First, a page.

Many politicians have argued for the privatization of schooling because by running schools like a business, they will be more cost effective and efficient. To supporters of this viewpoint, increased school competition will lead to increased school quality. However, this type of thinking is flawed. Schools are not businesses — their purpose is not to generate revenue, nor should it be. Students are not customers. Education is not a commodity. It is a right, as declared by the twenty-sixth article of the United Nations’ Declaration of Human Rights. If the education system operates like the free market, then the poor will continue to be at a disadvantage because they will be unable to afford a higher-quality education. One of the roles of public schools is to give all students, regardless of socioeconomic status, a quality education that will help them succeed. If schools become businesses, this cannot happen and the cycle of poverty will continue. School privatization is a decisive issue and is being heatedly debated, and with the current president being a businessman, the push towards privatization will not go away anytime soon. But solutions and compromises need to be made in order to improve the integrity of America’s public schools, protect the interests of all students, and ensure the long-term success of our nation as a whole.

Works Cited

Balarin, Maria. “The Default Privatization of Peruvian Education and the Rise of Low-fee Private Schools.”

Barkan, Joanne. “Death by a Thousand Cuts.” Jacobin Magazine. June 16, 2018.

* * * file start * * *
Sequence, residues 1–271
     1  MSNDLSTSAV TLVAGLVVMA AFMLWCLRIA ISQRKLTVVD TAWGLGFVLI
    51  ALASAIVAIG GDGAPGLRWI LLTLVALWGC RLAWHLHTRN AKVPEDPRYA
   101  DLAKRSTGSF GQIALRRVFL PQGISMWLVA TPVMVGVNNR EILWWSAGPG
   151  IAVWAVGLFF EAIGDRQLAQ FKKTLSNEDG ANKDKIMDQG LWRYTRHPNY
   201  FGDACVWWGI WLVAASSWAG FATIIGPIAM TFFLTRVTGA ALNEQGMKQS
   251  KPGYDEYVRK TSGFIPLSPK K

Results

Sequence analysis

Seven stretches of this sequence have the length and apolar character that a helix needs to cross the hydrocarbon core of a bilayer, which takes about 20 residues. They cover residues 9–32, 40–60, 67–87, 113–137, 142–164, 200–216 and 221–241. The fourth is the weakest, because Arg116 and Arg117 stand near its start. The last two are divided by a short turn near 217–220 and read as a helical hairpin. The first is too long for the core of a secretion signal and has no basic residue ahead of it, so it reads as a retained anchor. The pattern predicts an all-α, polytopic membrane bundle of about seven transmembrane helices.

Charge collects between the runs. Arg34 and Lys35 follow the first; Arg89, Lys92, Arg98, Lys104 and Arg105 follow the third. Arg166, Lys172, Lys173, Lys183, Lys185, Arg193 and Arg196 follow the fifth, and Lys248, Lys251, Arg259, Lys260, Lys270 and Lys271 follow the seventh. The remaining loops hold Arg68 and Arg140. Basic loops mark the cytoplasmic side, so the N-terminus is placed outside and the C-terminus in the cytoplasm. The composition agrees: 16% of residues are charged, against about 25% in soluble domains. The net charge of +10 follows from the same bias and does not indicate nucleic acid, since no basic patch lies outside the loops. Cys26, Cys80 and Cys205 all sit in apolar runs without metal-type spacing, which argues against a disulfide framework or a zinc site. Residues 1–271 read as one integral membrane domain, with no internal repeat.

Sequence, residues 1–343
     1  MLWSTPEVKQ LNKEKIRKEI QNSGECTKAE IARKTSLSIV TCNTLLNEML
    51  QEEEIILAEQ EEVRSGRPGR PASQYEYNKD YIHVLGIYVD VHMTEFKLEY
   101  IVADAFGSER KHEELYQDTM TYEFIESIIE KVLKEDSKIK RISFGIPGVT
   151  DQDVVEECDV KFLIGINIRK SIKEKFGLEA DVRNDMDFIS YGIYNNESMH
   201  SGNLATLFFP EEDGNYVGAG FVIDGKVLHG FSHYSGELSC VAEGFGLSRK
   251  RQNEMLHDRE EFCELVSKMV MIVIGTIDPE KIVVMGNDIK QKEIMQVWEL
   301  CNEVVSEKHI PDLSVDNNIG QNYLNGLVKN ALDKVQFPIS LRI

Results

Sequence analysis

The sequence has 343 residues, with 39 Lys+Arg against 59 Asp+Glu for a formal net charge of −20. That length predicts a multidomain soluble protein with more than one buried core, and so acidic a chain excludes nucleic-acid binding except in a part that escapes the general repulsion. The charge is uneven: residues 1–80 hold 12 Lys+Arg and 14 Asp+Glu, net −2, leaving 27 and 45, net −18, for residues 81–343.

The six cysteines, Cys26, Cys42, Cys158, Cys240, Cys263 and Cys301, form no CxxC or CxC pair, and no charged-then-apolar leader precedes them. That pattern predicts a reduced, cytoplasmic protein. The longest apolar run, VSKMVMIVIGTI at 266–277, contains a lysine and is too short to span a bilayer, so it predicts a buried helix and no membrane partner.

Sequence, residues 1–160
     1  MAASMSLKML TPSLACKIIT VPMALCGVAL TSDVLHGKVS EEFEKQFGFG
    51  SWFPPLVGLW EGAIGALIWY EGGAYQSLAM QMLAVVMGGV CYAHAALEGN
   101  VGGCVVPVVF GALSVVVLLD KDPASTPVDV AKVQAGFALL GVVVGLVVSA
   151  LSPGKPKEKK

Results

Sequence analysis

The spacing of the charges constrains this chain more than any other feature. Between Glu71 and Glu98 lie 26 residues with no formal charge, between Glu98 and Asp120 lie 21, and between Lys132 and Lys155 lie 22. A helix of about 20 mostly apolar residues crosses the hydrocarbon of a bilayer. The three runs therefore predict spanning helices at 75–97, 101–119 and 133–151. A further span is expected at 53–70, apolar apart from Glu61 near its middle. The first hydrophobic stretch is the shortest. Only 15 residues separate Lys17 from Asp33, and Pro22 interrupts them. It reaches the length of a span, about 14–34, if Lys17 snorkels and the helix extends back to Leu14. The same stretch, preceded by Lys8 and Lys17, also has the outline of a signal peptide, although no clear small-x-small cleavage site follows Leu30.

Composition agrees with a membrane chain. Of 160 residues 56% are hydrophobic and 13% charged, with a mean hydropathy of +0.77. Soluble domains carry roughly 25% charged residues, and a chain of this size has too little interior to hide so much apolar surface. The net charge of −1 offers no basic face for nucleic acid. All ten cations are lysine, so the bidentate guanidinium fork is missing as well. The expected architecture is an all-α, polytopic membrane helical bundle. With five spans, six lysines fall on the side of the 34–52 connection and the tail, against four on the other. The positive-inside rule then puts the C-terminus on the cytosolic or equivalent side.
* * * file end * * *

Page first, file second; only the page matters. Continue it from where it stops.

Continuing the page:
Brown, Emma. “‘School choice’ or ‘Privatization’? A Guide to Loaded Education Lingo in the Trump Era.” December 27, 2016.

Coleman, Emily K. “North Chicago, LEARN Reach Deal for Second Charter School.” Lake County News-Sun. May 11, 2016.

Cunningham, Josh. “Interactive Guide to School Choice Laws.” The National Conference of State Legislatures. June 15, 2017.

How the Systemic Segregation of Schools is Maintained by ‘Individual Choices.’” NPR. October 13, 2017.

Greene, Maxine. “Diversity and Inclusion: Toward a Curriculum for Human Beings.” Teachers College Record. 1993.

Iacono, Corey. “3 Reasons to Support School Choice.” Foundation for Economic Education. January 26, 2015.

Potter, Halley. “Do Private School Vouchers Pose a Threat to Integration?” The Century Foundation. March 21, 2017.

Privatization.” National Education Association. 2017.

Ravitch, Diane. “Worldwide, Public Education is Up for Sale.” U.S. News. August 9, 2016.

Strauss, Valerie. “What ‘School Choice’ Means in the Era Trump and DeVos.” The Washington Post. May 22, 2017.

Universal Declaration of Human Rights.” The United Nations.